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Inflammation, autoimmunity, and aging

The other day while driving home with my son from San Francisco, my opinion suddenly shifted about inflammation. In the past, I have written and believed that inflammation was the result of aging, not it’s cause; now I understand how inflammation can be both via autoimmunity.

Before, I ascribed the oxidation species that pour out of senescent cells to cell suicide mediated by mitochondrial lysis triggered by cell suicide. This suicide is triggered by p53 when the chromosomes are incorrect in number as the result of telomere erosion and abnormal chromosome number. This is still 100% true as illustrated in this cartoon from my book, Telomere Timebombs.

Driving home, I took a phone call from a long time reader of my blogs who told me “even you don’t recognize the importance of inflammation of aging.” He recommended that I look up Dr. Kevin Tracy and after watching the video below, I immediately understood something: there is a mechanism for anxiety causing autoimmune disease and it has to do with anxiety, lack of vagal nerve (parasympathetic) action on the spleen, and the overrelease of TNF (inflammatory cytokine) from macrophages in the spleen.

Dr. Tracy, using an animal model, found that stimulation of the vagus nerve (the relaxation response system) inhibited this inflammatory cascade. If you watch this video, you too will be convinced. So it seems that people who are stressed have increased inflammation and therefore trigger autoimmunity. This is a key to understanding not only the link between the nervous system and the immune system but how inflammation, autoimmunity, and even aging can accelerated in the presence of anxiety.

As soon as I finished watching this video, we saw smoke on the horizon. As we approached it, we saw a car fire and I took a picture as we passed by that was perfectly timed. I took it as a sign from the universe that inflammation, left uncontrolled, is important and that I have been ignoring its role.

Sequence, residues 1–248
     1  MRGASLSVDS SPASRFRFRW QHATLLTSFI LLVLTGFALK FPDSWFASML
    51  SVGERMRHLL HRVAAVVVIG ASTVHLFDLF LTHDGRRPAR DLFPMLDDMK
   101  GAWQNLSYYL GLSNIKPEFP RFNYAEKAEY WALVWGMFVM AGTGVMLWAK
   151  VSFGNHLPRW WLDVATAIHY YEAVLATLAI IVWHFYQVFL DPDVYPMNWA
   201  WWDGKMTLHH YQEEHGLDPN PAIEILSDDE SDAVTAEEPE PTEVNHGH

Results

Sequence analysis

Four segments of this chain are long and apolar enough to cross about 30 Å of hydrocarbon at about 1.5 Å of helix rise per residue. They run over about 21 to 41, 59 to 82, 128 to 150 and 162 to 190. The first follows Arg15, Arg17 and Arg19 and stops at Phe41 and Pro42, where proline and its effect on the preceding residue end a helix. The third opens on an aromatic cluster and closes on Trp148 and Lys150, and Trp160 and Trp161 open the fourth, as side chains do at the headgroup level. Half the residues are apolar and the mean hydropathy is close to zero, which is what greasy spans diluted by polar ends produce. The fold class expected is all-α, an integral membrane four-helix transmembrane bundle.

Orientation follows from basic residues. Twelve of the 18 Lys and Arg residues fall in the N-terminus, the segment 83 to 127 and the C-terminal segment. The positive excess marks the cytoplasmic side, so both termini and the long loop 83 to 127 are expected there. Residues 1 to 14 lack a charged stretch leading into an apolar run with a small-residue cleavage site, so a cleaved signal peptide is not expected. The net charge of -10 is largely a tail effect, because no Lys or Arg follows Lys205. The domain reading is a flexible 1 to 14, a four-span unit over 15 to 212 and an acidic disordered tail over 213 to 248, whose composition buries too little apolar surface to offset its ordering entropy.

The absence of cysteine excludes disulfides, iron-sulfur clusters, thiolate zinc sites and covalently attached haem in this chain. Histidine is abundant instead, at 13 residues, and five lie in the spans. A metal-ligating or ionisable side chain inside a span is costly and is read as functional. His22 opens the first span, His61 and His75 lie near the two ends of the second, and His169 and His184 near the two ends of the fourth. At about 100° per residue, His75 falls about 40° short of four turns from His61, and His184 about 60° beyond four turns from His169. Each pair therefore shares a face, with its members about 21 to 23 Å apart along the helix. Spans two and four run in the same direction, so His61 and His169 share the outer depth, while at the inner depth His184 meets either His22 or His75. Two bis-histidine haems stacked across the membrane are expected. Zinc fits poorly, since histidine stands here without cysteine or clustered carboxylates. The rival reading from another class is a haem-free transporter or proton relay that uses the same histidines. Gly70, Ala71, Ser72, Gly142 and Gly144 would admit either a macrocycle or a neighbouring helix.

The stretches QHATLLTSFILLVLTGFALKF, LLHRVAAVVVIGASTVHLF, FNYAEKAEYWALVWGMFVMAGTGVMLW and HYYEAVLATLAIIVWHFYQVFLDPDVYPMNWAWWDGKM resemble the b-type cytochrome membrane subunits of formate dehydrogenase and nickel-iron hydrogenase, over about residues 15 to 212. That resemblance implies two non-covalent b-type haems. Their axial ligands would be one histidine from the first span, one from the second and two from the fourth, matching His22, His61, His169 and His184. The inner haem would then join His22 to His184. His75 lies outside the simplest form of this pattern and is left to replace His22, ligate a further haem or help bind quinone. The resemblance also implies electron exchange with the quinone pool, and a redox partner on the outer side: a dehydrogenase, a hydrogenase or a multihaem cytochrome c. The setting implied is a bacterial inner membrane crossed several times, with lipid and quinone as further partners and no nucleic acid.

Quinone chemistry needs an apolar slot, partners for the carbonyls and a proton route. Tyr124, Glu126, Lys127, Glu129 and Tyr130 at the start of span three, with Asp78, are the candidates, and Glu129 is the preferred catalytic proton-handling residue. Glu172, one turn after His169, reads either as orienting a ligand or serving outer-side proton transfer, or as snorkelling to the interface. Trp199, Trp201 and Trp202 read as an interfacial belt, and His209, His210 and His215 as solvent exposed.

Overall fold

What I am proposing is that fear, through impairing the relaxing effects of deep breathing, increases the sympathetic nervous system which is antagonistic to the parasympathetic system of the vagus nerve. Dr. Tracy explains that vagal nerve activity blunts the inflammatory response. If we are stressed, the vagus is relatively inactive and the spleen is producing too much TNF which can lead to autoimmunity. Autoimmunity will then engender more host tissue destruction and potentially more inflammation and autoimmunity. Notably, stress also decreases endocannabinoid activity and increases the stress hormone cortisol, which has a direct effect of inhibiting telomerase.

TNF blockers, as Dr. Tracy states, are big business and are used to control autoimmune diseases. But what if get the same effect from free and omnipresent natural relaxtion techniques that I describe in The Telomere Miracle?

I have been blogging about exosomes from MSCs a lot recently and this will continue. So what would the mechanism be for anti-aging? I encourage you to watch all seven videos by pioneer Dr. Arnold Caplan on the subject of mesenchymal stem cells (aka medicinal signaling cells).

He states that MSCs are trophic (they cause growth) and down-regulate inflammation mainly through actions on the immune system. In particular, they cause an increase in T regulatory cells which, as Dr. Caplan explains, allows immune cloaking but not complete evasion of graft versus host reactions and vice versa. T regulatory cells are anti-inflammatory and that is generally a good thing.

This brings us to how exosomes from MSCs could be working. MSCs excrete exosomes that promote reprogramming and alter gene expression via the molecules inside them. Exosomes from healthy young MSCs encourage cell and vessel reproduction. And importantly, they modulate the immune system away from activated TH1 cells to T regulatory and TH2 type cells, decreasing autoimmunity.